RABAT, March 23 (Reuters) – Two AFP journalists and a photographer arrested in Libya last week were released in Tripoli, the agency said on Wednesday. Al Jazeera television also said authorities would release its reporting crew within 24 hours. According to the Committee to Protect Journalists, journalists have suffered 60 attacks in Libya since last month, resulting in two dead and 36 detentions. Libyan government forces arrested AFP reporters Dave Clark, Roberto Schmidt and Getty Images photographer Joe Raedle on Saturday near the eastern town of Ajdabiyah.
Libya: Free Detained Journalists
(New York) – The Libyan government should release all Libyan and foreign journalists detained because of their reporting and allow them to cover the crisis in Libya freely, Human Rights Watch said today.
Libya-headed Palestinian doctors wait Egypt’s approval to pass
A delegation of 20 Palestinian doctors and nurses prepare to leave the Gaza Strip for Libya to join Arab medics there, Palestinian Nursing Association said Thursday. Yousef Fahjjan, the secretary of the association, urged Egypt to let the medical mission leave Gaza through its territories. “We are still waiting for the Egyptian authorities’ approval,” he told Xinhua. The Palestinian doctors will be based on Egypt-Libya borders ” to help receive the wounded,” Fahjjan said. Israel has imposed a blockade on Gaza since Islamic Hamas movement took over the coastal enclave in 2007. Rafah crossing point between Gaza and Egypt has been the only gate for Gazans to the world since then. However, the crossing is open only for urgent medical cases, visa holders as well as university students and nationals of other countries.
Prison of Terror, Nafissa Assed
On the 17th of March I headed to the airport, leaving Tripoli for safety reasons. The internet has been cut off in Libya since 3rd March, phone lines are very bad in all the cities, and some cities are totally isolated (no phone lines, no water, no electricity) – like Zawiya, Misurata, and now Benghazi’s too. God only knows what is coming next. After we lost the internet, Tripoli became a prison of terror. Qaddafi’s thugs are celebrating all the time, and every day gunfire starts and stops all of a sudden, at any second. Out of a complete silence, we see cars passing by our building playing very loud music, songs for Qaddafi. At other times (usually between 2 and 4 am) we hear gunfire that gradually increases, with no celebrations or cars chanting his name around the streets.
Many rural Libyans look to Kadafi
Libya leader Moammar Kadafi’s populist largess doled out disproportionately to rural people has won the loyalty of large swaths of citizens. And the countryside shows the signs of his attention to it. The gift for his family’s loyalty, service and sacrifice was an AK-47 assault rifle.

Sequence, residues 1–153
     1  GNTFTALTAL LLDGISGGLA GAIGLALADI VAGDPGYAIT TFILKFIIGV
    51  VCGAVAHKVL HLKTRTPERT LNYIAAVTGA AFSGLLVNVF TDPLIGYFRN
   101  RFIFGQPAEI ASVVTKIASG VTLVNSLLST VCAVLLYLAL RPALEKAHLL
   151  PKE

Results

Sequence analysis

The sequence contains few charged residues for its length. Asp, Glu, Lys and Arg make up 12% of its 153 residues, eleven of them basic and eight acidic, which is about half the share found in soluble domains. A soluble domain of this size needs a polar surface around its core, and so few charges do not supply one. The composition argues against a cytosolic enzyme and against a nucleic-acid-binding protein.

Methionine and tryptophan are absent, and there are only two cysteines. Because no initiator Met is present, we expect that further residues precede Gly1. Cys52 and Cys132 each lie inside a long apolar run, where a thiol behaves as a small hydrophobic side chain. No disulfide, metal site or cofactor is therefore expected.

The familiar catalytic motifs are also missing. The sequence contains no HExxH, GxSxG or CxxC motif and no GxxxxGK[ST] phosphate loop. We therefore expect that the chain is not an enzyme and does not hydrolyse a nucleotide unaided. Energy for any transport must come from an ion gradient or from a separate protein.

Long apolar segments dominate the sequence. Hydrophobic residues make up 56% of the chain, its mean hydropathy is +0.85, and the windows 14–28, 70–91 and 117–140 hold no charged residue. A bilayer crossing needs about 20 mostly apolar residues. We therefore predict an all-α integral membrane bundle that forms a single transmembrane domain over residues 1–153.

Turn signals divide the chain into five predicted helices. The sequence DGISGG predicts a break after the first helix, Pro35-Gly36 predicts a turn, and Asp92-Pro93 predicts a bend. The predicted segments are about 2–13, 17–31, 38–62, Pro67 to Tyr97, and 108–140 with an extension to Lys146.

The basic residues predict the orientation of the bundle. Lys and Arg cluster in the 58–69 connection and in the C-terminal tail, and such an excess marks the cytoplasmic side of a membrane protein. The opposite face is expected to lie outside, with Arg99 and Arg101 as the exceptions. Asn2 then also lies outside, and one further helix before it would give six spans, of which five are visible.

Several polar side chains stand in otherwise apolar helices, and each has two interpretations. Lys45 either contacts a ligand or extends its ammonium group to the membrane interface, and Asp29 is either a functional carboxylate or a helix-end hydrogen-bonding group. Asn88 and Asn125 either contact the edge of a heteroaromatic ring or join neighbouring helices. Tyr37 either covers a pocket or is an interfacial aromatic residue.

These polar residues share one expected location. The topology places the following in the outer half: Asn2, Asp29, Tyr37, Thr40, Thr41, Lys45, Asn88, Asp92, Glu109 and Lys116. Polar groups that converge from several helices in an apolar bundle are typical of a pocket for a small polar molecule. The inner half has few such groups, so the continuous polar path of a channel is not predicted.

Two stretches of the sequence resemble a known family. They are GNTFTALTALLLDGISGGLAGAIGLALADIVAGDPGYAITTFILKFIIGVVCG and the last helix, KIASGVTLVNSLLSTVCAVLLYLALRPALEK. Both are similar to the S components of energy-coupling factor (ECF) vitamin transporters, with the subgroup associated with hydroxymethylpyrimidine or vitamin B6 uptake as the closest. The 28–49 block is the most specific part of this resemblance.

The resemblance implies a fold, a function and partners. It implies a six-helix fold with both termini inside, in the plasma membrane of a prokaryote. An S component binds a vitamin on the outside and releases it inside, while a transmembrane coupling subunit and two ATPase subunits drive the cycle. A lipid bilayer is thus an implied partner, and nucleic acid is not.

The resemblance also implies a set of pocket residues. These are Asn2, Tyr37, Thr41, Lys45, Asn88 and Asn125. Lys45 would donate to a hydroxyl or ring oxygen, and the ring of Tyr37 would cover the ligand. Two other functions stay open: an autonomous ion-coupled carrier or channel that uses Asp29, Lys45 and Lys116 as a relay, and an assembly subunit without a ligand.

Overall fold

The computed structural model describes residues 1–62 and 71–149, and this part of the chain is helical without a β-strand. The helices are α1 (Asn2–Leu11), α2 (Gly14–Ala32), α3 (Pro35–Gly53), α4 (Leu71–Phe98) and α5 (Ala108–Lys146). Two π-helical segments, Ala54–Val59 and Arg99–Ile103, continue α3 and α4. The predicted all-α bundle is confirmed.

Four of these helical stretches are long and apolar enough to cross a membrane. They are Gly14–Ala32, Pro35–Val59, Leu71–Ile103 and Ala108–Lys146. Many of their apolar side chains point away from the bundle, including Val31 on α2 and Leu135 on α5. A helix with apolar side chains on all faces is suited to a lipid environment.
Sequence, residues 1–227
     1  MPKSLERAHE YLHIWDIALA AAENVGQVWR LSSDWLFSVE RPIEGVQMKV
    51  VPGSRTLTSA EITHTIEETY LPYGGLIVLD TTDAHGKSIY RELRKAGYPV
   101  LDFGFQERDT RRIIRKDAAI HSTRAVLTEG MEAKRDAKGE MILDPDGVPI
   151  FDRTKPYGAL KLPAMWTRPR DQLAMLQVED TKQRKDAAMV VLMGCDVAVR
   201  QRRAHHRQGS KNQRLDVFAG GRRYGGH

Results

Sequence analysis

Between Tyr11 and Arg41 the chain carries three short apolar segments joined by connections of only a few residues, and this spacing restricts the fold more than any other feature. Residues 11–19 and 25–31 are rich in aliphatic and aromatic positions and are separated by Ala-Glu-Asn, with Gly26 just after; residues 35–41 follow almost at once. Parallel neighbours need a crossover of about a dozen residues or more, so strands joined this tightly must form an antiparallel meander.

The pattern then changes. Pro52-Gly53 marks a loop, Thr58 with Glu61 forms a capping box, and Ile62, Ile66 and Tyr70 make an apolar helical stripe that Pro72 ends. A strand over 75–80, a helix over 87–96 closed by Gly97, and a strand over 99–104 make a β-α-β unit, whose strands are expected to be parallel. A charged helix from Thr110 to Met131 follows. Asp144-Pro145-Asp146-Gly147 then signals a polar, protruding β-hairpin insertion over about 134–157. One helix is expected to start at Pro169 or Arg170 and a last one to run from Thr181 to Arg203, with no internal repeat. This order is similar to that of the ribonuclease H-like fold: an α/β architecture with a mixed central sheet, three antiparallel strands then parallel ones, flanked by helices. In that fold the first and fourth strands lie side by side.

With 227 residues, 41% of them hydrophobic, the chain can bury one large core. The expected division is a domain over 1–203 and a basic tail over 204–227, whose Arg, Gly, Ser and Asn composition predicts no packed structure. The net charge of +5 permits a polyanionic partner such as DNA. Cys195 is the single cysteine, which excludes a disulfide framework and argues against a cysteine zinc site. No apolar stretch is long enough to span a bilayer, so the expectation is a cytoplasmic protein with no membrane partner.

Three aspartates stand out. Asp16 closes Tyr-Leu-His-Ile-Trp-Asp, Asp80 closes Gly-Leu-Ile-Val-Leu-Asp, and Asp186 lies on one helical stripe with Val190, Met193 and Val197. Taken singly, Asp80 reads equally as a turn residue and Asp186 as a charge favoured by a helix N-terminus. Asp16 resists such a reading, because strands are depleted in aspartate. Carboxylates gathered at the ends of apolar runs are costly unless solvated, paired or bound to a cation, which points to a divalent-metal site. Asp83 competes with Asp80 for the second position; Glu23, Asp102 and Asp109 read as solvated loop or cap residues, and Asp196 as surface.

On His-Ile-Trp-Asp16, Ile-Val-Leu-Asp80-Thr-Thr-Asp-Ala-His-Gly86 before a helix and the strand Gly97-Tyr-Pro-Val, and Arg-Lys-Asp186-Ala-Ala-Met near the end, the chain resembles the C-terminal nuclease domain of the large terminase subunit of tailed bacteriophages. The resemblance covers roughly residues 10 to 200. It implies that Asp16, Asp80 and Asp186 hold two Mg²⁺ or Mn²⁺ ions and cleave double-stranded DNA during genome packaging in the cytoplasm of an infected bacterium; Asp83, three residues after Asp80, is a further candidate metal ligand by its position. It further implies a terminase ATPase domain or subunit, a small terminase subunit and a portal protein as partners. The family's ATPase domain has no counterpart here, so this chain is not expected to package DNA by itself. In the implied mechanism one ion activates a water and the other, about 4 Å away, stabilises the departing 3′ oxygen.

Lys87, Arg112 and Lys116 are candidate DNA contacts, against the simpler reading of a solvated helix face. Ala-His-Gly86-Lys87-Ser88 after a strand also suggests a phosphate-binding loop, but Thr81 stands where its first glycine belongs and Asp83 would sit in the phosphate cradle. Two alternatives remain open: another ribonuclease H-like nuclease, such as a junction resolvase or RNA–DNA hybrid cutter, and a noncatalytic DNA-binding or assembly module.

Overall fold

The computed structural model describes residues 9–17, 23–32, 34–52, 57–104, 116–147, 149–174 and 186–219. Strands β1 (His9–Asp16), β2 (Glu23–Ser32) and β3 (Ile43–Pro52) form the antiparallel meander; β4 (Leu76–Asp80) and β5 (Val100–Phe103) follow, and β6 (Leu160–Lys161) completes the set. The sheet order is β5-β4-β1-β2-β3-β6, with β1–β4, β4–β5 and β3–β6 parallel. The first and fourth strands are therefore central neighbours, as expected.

Muqtedar Khan: In Defense of Intervention in Libya
Yes, we cannot afford another war, and it may bankrupt us financially. But ignoring crimes against humanity will bankrupt us morally.
Obama’s Next Step in Libya?, George S. Hishmeh – Washington, D.C.
One wonders whether the hesitance of Barack Obama to go all out against Libya’s brutal dictator, Moammar Qaddafi, may be attributable to his fear that this may turn out as a repeat performance of what happened to the first American military intervention overseas along ‘the shores of Tripoli’ more than 200 years ago. Although this episode at the beginning of the so-called Barbary War, is now memorable, many militarists or historians do not see the first battle as glorious since the pirates, then the scourge of the Mediterranean, took over the American frigate that brought them over.
“Joint Statement of 58 Communist and Workers’ Parties against Imperialist Aggression in Libya”
The imperialist killers headed by the USA, France, Britain and NATO as a whole and with the approval of the UN started a new imperialist war. This time in Libya. Their allegedly humanitarian pretexts are completely misleading! They throw dust into peoples’ eyes! Their real goals are the hydrocarbons in Libya.
Israeli Press: Keep Gaddafi in power
Op-ed: Saddam example showed West that Arab states may be worse off after tyrants’ removal. It’s not as tough I like this man or have some kind of emotional connection to him and therefore wish to spare him. I only wish to spare his oppressed citizens. I do like his dresses and sense of fashion; the man would fit in well with Tel Aviv’s nightlife scene. Indeed, the city was overrun by Gaddafis during Purim as a last gesture to the tyrant, highlighting his value as a cultural icon.
how we missed you, humanitarian intervention, Max Ajl